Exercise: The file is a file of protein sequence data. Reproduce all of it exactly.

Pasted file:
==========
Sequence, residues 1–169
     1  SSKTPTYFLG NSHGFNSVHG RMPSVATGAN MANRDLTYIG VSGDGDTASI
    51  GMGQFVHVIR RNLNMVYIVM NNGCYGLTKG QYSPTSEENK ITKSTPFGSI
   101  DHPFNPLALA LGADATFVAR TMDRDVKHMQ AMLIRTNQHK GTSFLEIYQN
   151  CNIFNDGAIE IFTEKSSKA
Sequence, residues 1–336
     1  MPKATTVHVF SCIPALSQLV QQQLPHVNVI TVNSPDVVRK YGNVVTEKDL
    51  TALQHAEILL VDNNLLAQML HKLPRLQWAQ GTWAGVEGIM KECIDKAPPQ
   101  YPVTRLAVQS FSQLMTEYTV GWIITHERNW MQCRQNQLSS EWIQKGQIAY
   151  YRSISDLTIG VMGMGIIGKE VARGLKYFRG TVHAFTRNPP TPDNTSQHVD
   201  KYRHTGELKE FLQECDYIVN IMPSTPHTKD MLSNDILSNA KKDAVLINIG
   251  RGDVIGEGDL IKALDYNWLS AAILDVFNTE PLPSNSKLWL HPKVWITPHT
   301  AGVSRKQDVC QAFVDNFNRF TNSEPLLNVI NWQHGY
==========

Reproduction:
Sequence, residues 1–169
     1  SSKTPTYFLG NSHGFNSVHG RMPSVATGAN MANRDLTYIG VSGDGDTASI
    51  GMGQFVHVIR RNLNMVYIVM NNGCYGLTKG QYSPTSEENK ITKSTPFGSI
   101  DHPFNPLALA LGADATFVAR TMDRDVKHMQ AMLIRTNQHK GTSFLEIYQN
   151  CNIFNDGAIE IFTEKSSKA
Sequence, residues 1–336
     1  MPKATTVHVF SCIPALSQLV QQQLPHVNVI TVNSPDVVRK YGNVVTEKDL
    51  TALQHAEILL VDNNLLAQML HKLPRLQWAQ GTWAGVEGIM KECIDKAPPQ
   101  YPVTRLAVQS FSQLMTEYTV GWIITHERNW MQCRQNQLSS EWIQKGQIAY
   151  YRSISDLTIG VMGMGIIGKE VARGLKYFRG TVHAFTRNPP TPDNTSQHVD
   201  KYRHTGELKE FLQECDYIVN IMPSTPHTKD MLSNDILSNA KKDAVLINIG
   251  RGDVIGEGDL IKALDYNWLS AAILDVFNTE PLPSNSKLWL HPKVWITPHT
   301  AGVSRKQDVC QAFVDNFNRF TNSEPLLNVI NWQHGY